One of the most potent symbols of American financial dominance is the combined market capitalization of the country’s two biggest stock exchanges—the New York Stock Exchange (NYSE) and NASDAQ.
These two major listing hubs dwarf all other exchanges around the world. In fact, the NYSE on its own is larger than the Shanghai, Shenzhen, Japan, and Euronext exchanges put together.
|Rank||Exchange||Market Cap (Oct ’22)||Location||Approx. # of companies|
|#3||Shanghai Stock Exchange||$6.7T||China||1,600|
|#5||Japan Exchange Group||$5.4T||Japan||3,800|
|#6||Shenzhen Stock Exchange||$4.7T||China||2,800|
|#7||Hong Kong Stock Exchange||$4.6T||Hong Kong SAR||2,600|
|#8||National Stock Exchange of India||$3.3T||India||2,100|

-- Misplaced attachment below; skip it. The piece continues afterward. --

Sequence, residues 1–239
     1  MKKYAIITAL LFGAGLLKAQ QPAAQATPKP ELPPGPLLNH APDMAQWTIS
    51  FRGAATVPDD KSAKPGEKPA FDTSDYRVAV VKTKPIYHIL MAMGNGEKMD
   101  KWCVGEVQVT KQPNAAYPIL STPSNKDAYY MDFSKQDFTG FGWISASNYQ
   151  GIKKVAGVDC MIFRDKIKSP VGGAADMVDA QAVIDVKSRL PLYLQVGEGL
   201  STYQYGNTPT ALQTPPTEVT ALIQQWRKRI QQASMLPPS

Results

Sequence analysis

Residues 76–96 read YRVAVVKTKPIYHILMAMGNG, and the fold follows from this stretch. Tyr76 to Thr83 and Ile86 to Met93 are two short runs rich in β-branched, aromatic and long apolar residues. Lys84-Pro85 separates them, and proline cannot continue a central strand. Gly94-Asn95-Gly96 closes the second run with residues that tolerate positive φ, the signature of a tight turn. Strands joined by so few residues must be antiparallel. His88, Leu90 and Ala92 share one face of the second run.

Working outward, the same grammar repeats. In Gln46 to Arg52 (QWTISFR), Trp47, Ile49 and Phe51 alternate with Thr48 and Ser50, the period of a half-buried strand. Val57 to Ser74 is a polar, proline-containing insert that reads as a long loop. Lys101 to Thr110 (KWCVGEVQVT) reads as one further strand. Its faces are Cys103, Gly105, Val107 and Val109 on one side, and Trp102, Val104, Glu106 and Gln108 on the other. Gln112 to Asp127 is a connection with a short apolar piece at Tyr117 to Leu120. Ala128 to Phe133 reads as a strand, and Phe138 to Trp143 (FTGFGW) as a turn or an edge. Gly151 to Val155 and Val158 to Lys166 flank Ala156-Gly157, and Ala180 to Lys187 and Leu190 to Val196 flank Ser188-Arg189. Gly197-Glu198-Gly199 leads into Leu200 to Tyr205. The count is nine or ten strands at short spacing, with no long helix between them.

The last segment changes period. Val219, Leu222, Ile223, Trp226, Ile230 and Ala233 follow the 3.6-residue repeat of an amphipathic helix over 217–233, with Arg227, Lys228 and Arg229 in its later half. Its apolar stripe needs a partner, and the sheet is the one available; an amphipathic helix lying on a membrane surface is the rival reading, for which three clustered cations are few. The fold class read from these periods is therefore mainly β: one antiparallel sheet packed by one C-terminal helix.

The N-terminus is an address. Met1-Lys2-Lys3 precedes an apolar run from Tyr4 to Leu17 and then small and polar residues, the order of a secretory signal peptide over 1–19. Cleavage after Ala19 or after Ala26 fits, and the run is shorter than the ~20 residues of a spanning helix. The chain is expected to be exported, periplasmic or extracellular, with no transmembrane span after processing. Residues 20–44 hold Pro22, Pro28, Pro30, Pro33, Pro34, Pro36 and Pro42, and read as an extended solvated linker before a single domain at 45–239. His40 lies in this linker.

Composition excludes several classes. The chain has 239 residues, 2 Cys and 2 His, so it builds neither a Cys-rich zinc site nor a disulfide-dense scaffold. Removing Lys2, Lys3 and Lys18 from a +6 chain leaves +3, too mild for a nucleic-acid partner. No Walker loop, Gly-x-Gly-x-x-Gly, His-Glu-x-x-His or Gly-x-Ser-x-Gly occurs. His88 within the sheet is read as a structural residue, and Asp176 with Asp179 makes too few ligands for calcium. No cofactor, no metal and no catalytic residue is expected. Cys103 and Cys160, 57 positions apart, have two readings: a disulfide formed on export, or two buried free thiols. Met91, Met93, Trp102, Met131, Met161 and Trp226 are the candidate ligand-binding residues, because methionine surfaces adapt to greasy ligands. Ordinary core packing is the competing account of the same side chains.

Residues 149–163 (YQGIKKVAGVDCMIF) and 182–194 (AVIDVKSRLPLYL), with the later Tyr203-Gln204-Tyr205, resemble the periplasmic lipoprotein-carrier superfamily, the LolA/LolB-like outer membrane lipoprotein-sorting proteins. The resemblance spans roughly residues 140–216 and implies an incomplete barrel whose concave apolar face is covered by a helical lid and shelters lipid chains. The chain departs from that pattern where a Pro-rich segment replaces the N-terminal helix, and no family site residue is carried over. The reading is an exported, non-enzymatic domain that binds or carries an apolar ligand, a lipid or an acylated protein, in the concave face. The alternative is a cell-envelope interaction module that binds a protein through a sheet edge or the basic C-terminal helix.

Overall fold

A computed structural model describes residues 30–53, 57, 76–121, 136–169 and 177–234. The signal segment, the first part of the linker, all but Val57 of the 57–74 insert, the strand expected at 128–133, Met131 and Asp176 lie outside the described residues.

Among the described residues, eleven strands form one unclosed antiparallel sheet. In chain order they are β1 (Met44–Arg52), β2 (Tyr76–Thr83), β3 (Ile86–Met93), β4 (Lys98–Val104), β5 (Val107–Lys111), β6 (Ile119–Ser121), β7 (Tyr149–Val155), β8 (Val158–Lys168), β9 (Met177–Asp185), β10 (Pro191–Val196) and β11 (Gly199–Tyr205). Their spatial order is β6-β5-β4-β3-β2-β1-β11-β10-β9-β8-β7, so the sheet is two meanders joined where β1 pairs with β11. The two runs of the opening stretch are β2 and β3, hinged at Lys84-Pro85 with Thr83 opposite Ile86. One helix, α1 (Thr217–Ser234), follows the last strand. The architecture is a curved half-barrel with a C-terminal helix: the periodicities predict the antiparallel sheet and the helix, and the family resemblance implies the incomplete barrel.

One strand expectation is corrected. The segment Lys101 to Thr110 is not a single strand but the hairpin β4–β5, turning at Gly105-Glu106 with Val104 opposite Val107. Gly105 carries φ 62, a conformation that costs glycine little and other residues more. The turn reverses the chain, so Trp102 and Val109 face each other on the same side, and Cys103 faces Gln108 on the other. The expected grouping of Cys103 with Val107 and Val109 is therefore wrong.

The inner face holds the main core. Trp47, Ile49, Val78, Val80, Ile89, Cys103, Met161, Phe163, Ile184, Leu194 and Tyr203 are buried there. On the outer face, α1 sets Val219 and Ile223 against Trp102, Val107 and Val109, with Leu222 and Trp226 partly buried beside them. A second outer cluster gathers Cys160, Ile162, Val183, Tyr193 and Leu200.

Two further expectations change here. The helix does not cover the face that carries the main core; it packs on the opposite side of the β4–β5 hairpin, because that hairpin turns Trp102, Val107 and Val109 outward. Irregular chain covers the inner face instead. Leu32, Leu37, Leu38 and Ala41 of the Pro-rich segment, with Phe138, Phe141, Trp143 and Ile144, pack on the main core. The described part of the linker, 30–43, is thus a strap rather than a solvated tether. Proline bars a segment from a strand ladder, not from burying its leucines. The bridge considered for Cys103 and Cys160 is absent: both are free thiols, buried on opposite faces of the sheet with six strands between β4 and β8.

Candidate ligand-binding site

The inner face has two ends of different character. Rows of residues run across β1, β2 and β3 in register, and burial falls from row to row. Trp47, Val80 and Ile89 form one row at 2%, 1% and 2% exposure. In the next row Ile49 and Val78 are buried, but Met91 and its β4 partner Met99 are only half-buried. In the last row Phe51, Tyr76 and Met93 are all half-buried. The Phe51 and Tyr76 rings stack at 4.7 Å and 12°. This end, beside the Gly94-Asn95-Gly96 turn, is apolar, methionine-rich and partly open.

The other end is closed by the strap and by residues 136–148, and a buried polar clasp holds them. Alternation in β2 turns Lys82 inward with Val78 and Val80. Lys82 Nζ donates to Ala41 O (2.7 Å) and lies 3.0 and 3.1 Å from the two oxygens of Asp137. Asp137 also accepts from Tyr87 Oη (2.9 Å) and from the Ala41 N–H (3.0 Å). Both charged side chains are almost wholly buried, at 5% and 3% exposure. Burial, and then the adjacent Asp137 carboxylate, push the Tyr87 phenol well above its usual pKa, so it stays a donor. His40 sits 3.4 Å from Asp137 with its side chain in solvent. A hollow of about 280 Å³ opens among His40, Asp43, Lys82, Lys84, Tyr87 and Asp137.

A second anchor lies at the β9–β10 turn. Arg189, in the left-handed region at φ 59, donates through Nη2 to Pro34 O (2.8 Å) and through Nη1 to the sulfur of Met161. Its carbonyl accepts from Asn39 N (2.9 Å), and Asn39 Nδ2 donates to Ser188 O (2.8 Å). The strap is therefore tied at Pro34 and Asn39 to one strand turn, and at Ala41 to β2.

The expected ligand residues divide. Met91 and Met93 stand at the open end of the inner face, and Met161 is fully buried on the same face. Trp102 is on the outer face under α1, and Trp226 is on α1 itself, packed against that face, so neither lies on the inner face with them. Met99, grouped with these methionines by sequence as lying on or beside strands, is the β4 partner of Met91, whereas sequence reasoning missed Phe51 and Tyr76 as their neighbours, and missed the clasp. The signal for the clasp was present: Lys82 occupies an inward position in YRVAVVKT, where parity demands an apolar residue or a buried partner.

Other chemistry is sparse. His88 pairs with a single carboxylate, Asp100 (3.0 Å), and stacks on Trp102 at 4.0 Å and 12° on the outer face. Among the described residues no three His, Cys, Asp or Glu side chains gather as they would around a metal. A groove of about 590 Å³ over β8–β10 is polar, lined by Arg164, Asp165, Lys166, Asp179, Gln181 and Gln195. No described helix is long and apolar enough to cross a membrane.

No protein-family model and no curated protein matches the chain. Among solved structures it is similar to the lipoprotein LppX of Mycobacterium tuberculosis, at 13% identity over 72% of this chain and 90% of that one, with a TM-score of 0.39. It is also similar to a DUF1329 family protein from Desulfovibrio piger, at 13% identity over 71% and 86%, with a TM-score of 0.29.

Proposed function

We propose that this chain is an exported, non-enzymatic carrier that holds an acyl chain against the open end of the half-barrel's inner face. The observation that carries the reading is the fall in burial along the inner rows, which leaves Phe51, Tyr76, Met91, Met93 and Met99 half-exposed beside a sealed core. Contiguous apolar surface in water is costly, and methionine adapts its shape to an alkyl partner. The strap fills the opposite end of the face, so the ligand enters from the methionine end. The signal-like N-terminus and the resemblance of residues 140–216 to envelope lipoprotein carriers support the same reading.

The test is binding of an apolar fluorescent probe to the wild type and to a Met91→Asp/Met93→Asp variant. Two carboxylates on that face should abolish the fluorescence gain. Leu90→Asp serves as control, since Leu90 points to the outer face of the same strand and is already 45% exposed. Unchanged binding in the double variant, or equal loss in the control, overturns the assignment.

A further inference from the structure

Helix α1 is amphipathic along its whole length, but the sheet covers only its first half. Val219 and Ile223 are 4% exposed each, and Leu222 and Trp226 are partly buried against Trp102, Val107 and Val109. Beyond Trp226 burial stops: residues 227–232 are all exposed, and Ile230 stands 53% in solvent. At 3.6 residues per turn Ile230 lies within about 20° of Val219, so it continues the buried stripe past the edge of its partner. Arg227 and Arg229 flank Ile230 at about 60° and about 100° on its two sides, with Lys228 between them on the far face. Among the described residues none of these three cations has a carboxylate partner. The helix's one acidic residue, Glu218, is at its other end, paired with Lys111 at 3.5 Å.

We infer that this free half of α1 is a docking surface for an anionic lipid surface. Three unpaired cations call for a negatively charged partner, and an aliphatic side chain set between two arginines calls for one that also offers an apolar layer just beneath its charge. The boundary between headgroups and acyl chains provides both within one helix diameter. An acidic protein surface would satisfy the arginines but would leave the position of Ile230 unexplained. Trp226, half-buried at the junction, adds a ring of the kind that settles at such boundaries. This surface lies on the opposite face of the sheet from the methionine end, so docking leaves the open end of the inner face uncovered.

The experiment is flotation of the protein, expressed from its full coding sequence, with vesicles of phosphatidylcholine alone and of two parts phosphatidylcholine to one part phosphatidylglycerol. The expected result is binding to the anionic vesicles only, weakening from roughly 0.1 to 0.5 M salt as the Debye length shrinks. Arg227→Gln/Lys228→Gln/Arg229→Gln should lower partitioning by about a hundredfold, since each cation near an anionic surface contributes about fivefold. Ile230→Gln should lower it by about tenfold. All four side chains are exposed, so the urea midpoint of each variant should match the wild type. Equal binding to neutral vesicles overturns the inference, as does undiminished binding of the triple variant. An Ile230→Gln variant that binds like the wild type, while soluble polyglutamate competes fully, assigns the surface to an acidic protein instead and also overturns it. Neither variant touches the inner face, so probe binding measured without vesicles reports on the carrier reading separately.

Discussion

|#9||London Stock Exchange||$3.1T||UK||1,900|
|#10||Toronto Stock Exchange||$2.7T||Canada||1,500|
One of the key reasons for this dominance is the sheer size of the U.S. economy. With a GDP of over $25 trillion, the U.S. economy is the largest in the world, and American exchanges are home to some of the world’s largest and most valuable companies, including tech giants like Apple, Amazon, and Microsoft.
As of January 2023, the value of stocks listed on U.S. exchanges made up 42% of the global total. How does this total stack up, historically?